Beijing and Seoul responded coolly on Monday after Japanese Prime Minister Shinzo Abe again requested official meetings with his Chinese and South Korean counterparts.
“Abe has repeatedly claimed that he underscores improving relations with China, but what he said is hypocritical. It was he who closed the door on dialogue,” Foreign Ministry spokeswoman Hua Chunying said on Monday.
South Korean President Park Geun-hye also blamed Japan on Monday for strained ties.
More from the Diplomat:
Shinzo Abe Is Not Welcome In China, And Never Will Be
As long as Abe remains Prime Minister, don’t expect China-Japan ties to thaw.
In a recent press conference, Japanese Prime Minister Abe Shinzo expressed a desire to meet with Chinese and South Korean leaders to explain why he visited the controversial Yasukuni shrine in late December of 2013. “Seeking dialogue with China and South Korea is extremely important for the peace and security of this region,” Reuters quoted Abe as saying. “I would like to explain my true intentions regarding my visit to Yasukuni.”
The response from China was quick and predictable: no way, no how. Foreign Ministry Spokesperson Hua Chunying told the press that China had already “explicitly stated its position” towards the possibility of Abe meeting with Chinese leaders. The answer was (and remains) a resounding no. Hua accused Abe of “playing a double game in China-Japan relations ever since he took office.” Abe pays lip service to improving the relationship, but “the erroneous actions he takes jeopardize the overall interests of China-Japan relations and hurt the feelings of the Chinese people.”
After the jump, Japan and China hit hyperbolic heights, Russia joins the Game of Zones and Abe ups the ante, Japan creates a killing zone, a spooky murder, and criminal destruction of the commons. . .
The Japan Times takes it to the Tolkien limit:
Japan, China envoys invoke ‘You Know Who’ in tit-for-tat editorials
The diplomatic bickering between Japan and China descended into name-calling in the British press Monday, with ambassadorial claims and counter-claims again invoking the fictional evil wizard of the Harry Potter series, Lord Voldemort.
In an opinion piece published in the Daily Telegraph newspaper, Tokyo’s envoy to London Keiichi Hayashi compared Beijing to the arch-villain of JK Rowling’s top-selling books and resulting movie franchise.
Hayashi’s letter was an apparent response to an earlier op-ed — also referencing the boy wizard’s nemesis — published in the Daily Telegraph on Jan. 1 by Liu Xiaoming, Chinese ambassador to London.
And adding fuel to the fire, a major provocative move lurks in the wings. Via SINA English:
Japan set to nationalize offshore islets
The Japanese ruling party is planning to continue nationalizing 280 offshore islets, a move Chinese experts believe is aimed at further territorial water expansion after the “nationalization” of the disputed Diaoyu Islands in 2012.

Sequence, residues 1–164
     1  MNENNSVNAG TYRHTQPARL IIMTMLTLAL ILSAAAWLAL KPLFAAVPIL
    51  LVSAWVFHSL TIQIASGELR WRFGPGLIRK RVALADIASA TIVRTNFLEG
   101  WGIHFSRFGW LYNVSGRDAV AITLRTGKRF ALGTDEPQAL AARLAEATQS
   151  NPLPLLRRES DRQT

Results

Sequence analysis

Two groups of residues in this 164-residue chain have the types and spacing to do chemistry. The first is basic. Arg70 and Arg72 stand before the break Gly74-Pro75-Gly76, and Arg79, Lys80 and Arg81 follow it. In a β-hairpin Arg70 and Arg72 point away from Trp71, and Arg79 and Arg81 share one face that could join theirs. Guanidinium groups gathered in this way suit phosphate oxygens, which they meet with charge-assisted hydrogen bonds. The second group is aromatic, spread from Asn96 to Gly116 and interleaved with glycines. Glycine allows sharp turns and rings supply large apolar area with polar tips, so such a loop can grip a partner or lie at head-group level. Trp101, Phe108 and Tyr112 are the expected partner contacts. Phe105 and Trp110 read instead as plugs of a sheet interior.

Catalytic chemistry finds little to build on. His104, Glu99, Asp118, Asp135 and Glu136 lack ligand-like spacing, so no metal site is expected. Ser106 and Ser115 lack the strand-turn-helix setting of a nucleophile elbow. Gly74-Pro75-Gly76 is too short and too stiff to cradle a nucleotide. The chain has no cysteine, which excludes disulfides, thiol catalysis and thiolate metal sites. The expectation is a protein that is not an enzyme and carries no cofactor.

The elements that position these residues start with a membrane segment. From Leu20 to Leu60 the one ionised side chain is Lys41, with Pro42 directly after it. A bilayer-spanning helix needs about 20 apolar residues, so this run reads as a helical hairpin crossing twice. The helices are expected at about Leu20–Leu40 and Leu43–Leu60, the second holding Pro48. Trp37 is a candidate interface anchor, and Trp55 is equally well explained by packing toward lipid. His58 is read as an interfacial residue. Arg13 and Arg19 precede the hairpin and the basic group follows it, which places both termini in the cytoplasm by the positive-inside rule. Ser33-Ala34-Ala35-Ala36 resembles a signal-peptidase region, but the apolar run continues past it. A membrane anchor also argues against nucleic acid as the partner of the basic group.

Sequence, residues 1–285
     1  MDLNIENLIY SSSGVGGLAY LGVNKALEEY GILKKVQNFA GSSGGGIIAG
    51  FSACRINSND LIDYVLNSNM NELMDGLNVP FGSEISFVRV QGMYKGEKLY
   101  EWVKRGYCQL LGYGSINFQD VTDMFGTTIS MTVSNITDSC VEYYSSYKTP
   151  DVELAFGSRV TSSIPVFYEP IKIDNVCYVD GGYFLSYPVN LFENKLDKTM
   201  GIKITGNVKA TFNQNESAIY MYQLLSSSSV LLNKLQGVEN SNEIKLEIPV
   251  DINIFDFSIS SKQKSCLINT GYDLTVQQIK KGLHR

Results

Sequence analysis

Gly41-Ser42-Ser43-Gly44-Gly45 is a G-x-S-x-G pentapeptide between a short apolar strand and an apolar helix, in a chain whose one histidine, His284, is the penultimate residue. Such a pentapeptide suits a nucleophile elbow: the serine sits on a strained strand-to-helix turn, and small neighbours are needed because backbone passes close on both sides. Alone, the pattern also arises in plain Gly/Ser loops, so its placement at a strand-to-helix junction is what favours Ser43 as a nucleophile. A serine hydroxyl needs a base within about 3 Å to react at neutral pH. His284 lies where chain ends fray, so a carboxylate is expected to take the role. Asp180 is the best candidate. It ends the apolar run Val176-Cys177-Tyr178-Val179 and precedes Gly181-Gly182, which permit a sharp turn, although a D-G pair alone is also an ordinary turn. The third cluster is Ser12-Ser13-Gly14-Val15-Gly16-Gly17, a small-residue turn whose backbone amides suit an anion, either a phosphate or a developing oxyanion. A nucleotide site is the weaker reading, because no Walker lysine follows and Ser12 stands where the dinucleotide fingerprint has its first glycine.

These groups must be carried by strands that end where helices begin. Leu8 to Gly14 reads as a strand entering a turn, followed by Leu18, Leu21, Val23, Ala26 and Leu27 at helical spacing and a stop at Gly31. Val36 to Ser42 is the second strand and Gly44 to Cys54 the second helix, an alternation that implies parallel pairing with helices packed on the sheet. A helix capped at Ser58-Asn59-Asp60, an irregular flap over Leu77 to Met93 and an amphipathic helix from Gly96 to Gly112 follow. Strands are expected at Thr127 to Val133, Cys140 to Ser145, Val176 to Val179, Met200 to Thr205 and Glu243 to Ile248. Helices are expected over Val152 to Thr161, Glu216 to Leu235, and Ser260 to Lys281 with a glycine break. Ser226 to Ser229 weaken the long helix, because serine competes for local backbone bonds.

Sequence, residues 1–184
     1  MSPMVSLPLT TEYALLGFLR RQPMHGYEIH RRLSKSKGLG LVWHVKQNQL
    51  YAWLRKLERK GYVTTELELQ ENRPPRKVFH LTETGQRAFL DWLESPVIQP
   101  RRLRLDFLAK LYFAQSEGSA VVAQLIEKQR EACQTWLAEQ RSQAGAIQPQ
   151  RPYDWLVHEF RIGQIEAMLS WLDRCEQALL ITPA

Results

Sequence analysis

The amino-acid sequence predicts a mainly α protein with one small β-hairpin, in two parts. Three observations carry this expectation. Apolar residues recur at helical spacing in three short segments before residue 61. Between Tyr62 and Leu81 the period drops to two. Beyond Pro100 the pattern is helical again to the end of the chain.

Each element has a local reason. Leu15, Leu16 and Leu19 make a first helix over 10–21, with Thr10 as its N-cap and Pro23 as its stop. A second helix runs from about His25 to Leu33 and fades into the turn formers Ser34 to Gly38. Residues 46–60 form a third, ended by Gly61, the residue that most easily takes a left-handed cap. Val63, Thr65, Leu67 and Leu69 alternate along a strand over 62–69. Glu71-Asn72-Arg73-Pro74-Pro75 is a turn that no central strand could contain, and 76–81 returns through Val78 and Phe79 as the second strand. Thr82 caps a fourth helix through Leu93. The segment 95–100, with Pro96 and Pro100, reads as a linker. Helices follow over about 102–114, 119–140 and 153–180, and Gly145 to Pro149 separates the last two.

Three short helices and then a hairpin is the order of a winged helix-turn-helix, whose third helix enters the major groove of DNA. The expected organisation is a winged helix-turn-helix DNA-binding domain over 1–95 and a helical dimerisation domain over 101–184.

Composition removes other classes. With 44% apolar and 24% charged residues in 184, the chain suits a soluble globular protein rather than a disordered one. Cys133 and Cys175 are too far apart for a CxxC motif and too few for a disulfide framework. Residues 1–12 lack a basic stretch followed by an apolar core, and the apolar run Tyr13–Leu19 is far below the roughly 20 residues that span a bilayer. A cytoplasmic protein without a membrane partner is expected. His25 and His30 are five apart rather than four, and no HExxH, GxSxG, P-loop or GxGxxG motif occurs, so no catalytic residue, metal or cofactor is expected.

The Sankei Shimbun on Sunday quoted official sources as saying that the Liberal Democratic Party had decided to nationalize these uninhabited islets and set them as the new base points of Japan’s territorial waters.
Japan has pursued becoming a maritime power, which pushes it to expand marine territories, Wang Haipeng, an expert in maritime and border studies at the Chinese Academy of Social Sciences, told the Global Times, adding that setting the 280 offshore islets as the new base points of Japanese territorial waters would supply support for territorial water expansion in the future.
The Asahi Shimbun pleads for relief:
Komeito chief sees no need to reinterpret pacifist Constitution
New Komeito leader Natsuo Yamaguchi questioned the need for Prime Minister Shinzo Abe’s desire to change the government’s long-standing interpretation of the pacifist Constitution, which prohibits the exercise of the right of collective self-defense.
The junior coalition partner to Abe’s ruling Liberal Democratic Party is known for its pacifist-leaning stance, and Yamaguchi’s opposition may hinder the prime minister’s plans.
And the Mainichi tackles the states secret law threatening both journalists and whistleblowers:
Saitama governor shares public concern over secrecy law
Prefectural Gov. Kiyoshi Ueda says he shares the view of many Japanese that the ruling administration rammed a controversial state secrets protection bill through the Diet without sufficient debate. The government of Prime Minister Shinzo Abe had the chance to give the impression that the law was designed to protect every citizen, he says. But the way the law was enacted suggested that the government would block moves by those who oppose the new decree.